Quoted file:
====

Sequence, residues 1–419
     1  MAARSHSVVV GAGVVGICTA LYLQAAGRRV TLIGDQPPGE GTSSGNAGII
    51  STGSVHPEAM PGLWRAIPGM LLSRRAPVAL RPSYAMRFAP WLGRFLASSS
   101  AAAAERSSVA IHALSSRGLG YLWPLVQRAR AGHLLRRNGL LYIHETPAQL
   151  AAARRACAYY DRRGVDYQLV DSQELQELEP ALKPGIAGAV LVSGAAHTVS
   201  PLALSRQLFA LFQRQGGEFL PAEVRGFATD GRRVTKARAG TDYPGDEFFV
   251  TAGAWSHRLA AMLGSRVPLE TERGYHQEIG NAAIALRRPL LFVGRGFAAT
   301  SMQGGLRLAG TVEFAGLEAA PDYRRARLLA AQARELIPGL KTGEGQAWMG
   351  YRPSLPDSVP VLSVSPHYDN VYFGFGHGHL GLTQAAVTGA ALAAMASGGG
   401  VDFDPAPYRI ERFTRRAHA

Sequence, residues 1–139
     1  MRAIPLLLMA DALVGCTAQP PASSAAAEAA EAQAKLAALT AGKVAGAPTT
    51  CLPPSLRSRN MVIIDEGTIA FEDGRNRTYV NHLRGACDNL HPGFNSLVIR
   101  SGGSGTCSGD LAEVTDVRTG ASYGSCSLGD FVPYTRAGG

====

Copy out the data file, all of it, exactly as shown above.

Sequence, residues 1–419
     1  MAARSHSVVV GAGVVGICTA LYLQAAGRRV TLIGDQPPGE GTSSGNAGII
    51  STGSVHPEAM PGLWRAIPGM LLSRRAPVAL RPSYAMRFAP WLGRFLASSS
   101  AAAAERSSVA IHALSSRGLG YLWPLVQRAR AGHLLRRNGL LYIHETPAQL
   151  AAARRACAYY DRRGVDYQLV DSQELQELEP ALKPGIAGAV LVSGAAHTVS
   201  PLALSRQLFA LFQRQGGEFL PAEVRGFATD GRRVTKARAG TDYPGDEFFV
   251  TAGAWSHRLA AMLGSRVPLE TERGYHQEIG NAAIALRRPL LFVGRGFAAT
   301  SMQGGLRLAG TVEFAGLEAA PDYRRARLLA AQARELIPGL KTGEGQAWMG
   351  YRPSLPDSVP VLSVSPHYDN VYFGFGHGHL GLTQAAVTGA ALAAMASGGG
   401  VDFDPAPYRI ERFTRRAHA

Sequence, residues 1–139
     1  MRAIPLLLMA DALVGCTAQP PASSAAAEAA EAQAKLAALT AGKVAGAPTT
    51  CLPPSLRSRN MVIIDEGTIA FEDGRNRTYV NHLRGACDNL HPGFNSLVIR
   101  SGGSGTCSGD LAEVTDVRTG ASYGSCSLGD FVPYTRAGG